Once Mansfield got their noses in front, I got the impression the Dons would have great difficulty finding their way back into the game. The stale atmosphere didn’t help, it felt more like a pre-season game at times… and I suppose that’s pretty much what it was, as both sides head onto bigger things in May. But as half time came and went, Dons fans forgot about plans to join the ticket queues and remembered there was a game on, as their team started to gain the upper hand against rapidly tiring opponents.
Being able to introduce players of the quality of Minshull and Jolley probably helped. Jones was made way in midfield, presumably pre-planned prior to heading off for international duty after his two hours of football in the week, and Minshull immediately began to stamp his authority on the middle of the park.
Wimbledon got on level terms in fairly simple terms, a deep corner from the left swung over everybody and was bundled in at the far post by Jamie Stuart for his first Dons goal. The game could have petered out into a predictable draw from there, had it not been for the enthusiasm of Christian Jolley, who could have given the Dons the lead seconds before he actually did after seeing his header cleared somewhere close to the line.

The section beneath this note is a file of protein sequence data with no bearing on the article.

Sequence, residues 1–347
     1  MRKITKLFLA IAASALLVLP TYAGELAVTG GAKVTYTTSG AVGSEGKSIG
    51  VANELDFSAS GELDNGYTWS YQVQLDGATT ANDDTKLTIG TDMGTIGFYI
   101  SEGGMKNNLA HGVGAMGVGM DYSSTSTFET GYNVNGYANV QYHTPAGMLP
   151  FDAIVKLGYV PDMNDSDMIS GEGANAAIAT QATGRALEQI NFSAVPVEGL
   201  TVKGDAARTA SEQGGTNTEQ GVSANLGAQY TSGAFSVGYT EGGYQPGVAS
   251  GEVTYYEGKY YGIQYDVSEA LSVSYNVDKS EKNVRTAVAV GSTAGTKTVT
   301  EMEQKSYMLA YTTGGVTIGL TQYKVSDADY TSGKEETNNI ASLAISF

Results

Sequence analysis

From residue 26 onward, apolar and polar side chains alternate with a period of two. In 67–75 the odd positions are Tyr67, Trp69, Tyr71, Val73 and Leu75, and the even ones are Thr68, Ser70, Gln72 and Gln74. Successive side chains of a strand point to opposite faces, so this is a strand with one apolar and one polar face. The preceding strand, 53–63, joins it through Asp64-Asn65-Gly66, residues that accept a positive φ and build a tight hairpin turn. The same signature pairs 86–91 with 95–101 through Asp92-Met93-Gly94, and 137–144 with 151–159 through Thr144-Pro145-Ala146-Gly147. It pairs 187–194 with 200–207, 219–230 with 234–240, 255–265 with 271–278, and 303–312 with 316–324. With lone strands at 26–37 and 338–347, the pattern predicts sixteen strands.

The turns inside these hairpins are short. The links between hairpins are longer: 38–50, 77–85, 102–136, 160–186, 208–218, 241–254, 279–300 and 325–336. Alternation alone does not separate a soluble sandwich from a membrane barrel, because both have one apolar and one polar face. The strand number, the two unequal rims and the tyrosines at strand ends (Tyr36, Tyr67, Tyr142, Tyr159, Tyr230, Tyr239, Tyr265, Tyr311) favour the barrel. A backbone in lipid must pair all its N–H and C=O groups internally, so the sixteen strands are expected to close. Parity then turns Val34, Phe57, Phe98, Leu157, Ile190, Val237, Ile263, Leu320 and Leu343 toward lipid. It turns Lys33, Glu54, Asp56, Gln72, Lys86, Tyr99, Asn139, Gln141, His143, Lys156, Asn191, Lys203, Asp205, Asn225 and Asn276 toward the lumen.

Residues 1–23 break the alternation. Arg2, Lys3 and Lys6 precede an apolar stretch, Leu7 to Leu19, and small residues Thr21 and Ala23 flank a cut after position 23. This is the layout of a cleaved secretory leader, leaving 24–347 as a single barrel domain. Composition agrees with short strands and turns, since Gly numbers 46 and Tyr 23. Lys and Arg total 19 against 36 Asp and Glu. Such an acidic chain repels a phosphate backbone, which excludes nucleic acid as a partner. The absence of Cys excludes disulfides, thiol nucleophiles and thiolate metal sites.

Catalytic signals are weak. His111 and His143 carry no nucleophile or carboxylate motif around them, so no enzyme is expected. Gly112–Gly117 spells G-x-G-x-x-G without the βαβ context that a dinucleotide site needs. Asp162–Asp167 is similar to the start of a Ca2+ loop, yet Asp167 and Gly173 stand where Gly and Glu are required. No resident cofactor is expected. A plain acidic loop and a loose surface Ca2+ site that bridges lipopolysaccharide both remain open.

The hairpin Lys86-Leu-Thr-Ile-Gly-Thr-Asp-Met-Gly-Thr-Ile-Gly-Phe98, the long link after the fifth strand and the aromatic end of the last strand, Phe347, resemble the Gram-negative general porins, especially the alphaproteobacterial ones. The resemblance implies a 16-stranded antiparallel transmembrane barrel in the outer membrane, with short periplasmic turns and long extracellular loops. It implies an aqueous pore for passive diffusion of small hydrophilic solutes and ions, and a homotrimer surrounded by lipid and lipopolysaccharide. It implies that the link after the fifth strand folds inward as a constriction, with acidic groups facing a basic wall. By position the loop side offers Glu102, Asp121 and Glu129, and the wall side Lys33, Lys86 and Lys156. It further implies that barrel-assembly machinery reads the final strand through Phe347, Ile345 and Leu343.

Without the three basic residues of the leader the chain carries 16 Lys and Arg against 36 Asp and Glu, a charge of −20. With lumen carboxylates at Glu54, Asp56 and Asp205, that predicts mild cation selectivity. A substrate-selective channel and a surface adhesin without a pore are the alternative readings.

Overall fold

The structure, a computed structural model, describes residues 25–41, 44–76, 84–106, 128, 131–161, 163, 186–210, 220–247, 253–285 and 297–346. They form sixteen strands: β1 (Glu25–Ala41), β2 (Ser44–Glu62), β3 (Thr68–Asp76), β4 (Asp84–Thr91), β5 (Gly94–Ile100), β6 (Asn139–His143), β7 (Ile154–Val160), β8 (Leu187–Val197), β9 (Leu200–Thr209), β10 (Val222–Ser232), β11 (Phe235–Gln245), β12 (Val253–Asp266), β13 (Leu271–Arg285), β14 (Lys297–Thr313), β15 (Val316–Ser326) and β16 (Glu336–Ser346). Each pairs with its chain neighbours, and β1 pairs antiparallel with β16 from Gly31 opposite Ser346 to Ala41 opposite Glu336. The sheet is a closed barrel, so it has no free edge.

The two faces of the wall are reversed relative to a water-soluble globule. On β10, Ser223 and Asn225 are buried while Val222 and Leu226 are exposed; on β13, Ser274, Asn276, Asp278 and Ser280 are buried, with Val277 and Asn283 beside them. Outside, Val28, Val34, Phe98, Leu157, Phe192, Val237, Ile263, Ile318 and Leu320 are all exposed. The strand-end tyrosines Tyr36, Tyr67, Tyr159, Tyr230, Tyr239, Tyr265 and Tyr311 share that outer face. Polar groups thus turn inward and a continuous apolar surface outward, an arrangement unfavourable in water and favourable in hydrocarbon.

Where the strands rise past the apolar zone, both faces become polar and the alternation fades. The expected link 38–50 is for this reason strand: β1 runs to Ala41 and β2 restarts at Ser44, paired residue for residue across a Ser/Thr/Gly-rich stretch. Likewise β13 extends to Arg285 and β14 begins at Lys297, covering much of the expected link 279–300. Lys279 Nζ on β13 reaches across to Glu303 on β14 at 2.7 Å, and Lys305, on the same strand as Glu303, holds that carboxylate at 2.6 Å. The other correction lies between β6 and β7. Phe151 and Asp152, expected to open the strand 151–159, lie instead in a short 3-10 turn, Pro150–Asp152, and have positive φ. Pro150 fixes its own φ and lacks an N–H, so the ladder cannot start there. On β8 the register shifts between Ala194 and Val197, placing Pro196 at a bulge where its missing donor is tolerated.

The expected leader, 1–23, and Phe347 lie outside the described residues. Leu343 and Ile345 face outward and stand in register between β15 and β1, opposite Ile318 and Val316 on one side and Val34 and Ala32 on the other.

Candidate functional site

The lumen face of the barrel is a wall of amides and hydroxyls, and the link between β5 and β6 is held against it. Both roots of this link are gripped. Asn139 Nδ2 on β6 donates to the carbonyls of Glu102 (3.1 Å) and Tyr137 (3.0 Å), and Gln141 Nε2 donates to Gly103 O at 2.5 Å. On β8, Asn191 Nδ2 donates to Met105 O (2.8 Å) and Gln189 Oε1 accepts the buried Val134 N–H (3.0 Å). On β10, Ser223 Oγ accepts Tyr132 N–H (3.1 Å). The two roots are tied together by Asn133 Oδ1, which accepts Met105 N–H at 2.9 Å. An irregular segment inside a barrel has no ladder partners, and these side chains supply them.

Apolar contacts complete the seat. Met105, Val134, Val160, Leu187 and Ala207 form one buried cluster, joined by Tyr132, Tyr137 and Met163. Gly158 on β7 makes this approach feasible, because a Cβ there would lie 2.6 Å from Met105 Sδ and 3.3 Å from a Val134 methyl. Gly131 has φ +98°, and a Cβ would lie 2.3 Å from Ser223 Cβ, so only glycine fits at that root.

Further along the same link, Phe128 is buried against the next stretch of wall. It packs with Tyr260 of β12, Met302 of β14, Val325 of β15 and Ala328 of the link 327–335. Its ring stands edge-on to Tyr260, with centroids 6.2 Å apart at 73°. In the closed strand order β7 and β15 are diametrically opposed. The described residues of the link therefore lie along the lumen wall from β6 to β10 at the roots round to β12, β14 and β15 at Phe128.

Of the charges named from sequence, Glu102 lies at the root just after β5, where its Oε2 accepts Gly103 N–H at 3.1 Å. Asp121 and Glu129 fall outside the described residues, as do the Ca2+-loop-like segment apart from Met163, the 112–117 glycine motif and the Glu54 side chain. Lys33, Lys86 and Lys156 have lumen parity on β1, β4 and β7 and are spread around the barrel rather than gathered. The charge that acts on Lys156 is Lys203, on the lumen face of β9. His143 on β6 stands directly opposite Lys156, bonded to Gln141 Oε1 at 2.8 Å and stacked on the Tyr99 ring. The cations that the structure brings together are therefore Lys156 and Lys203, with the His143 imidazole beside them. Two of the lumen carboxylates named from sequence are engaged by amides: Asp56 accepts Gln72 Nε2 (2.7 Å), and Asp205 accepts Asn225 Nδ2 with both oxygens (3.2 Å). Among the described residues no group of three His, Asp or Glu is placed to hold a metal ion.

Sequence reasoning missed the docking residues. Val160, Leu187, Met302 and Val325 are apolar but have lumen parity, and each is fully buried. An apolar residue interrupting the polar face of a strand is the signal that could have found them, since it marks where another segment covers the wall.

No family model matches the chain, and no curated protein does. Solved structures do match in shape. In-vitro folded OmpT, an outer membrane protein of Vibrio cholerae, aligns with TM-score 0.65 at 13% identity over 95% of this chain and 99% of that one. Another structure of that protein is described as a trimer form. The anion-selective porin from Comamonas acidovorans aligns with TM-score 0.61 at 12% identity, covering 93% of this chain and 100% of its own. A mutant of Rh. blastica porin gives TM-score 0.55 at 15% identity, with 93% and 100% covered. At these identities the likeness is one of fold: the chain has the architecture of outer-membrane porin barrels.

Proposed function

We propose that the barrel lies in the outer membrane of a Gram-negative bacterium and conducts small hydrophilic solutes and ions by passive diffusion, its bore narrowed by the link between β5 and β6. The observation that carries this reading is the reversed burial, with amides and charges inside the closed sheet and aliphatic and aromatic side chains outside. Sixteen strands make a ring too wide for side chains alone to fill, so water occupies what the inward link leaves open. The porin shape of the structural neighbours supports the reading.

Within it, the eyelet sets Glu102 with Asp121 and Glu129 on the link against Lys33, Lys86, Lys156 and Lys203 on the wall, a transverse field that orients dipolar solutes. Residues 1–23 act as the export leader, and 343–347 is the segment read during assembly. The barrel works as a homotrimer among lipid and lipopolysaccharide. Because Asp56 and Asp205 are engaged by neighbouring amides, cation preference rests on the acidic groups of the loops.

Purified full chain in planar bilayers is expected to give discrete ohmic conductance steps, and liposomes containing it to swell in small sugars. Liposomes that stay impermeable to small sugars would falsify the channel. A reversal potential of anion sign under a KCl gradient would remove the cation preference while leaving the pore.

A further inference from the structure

Almost immediately after he stopped what was quite a long enquiry with the linesman over whether his previous effort had passed over the line, Jolley picked up the ball on the right inside the box and drilled an effort towards the near post. Somewhere along its trajectory the ball struck Bret Johnson, enough for there to be some doubt over who the goal should be credited to, but the more important statistic was the Dons claimed their 26th victory of the season, to move within a point of guaranteeing a second place finish.
Almost immediately Dons fans started to file out in their dribs and drabs, not in order to get home any quicker but to join the ever lengthening queues clutching voucher E in order to pick up tickets for the playoff semi final. More time spent in the hot sun, a few Dons fans will have spent the evening picking dry, dead skin off themselves. The Dons now have another two dead rubbers to encounter before the fun starts, and at the end of this long weekend might have more of an idea what faces us in May.